It’s mid-July as I write this and I have begun preparing as a coach, a youth director, and parent for the upcoming youth season. I would like this to remind parents and coaches of issues to be aware of as the youth season starts, especially for those youth bowlers who took the summer off from bowling.
Young athletes grow very suddenly (or so it seems) and their shoes can fit one week and the next week be too small. Before the first week of the winter leagues, get the shoes used last year and have the bowler try them on. Even if their tennis shoe size has not gone up in the winter, the sizing of different brands of shoes (and sometimes sizing within a brand) can be different. Try them on.
When to move to interchangeable soles
I don’t believe as a parent that I would pay the extra dollars for these shoes until it appears that the foot has grown. This is the most economical way to approach this.
However, if the child reaches a highly competitive stage at a young age and their game develops to the point where they comment on approaches being slick or tacky, then it’s time to move them up to those shoes. The only additional limitation in this regard is that most shoe manufacturers do not make the interchangeable sole shoes below size 5.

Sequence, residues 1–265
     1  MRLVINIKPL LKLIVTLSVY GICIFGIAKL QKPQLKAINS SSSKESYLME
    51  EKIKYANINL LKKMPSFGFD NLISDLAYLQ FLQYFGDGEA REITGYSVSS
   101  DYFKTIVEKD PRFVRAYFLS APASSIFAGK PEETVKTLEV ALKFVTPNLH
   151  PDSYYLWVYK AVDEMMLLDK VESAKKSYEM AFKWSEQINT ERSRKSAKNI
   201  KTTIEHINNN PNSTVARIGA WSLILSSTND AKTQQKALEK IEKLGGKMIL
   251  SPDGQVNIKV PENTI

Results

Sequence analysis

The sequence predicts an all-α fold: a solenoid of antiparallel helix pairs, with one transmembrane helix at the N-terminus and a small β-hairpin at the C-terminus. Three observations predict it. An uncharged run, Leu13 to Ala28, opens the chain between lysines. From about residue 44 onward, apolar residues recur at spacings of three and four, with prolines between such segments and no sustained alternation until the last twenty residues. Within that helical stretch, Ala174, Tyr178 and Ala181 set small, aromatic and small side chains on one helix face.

Just as with shoes, it seems that one week a child’s hand can fit in the ball properly and the next week the holes are too small or the span too short. It is CRUCIAL to have correctly fitting equipment from the first day.
Find time before league starts (and not on the first day of the league as the pro shop is hopefully so busy it will be hard to get service that day) to have the fit of the ball checked. (Before you do that, read this entire article. There is more information to consider). Just because a ball fit when you bought it six months ago or even three months ago when you had it plugged, does not mean that it will fit now. It also does not mean that the ball driller did anything wrong. It ...
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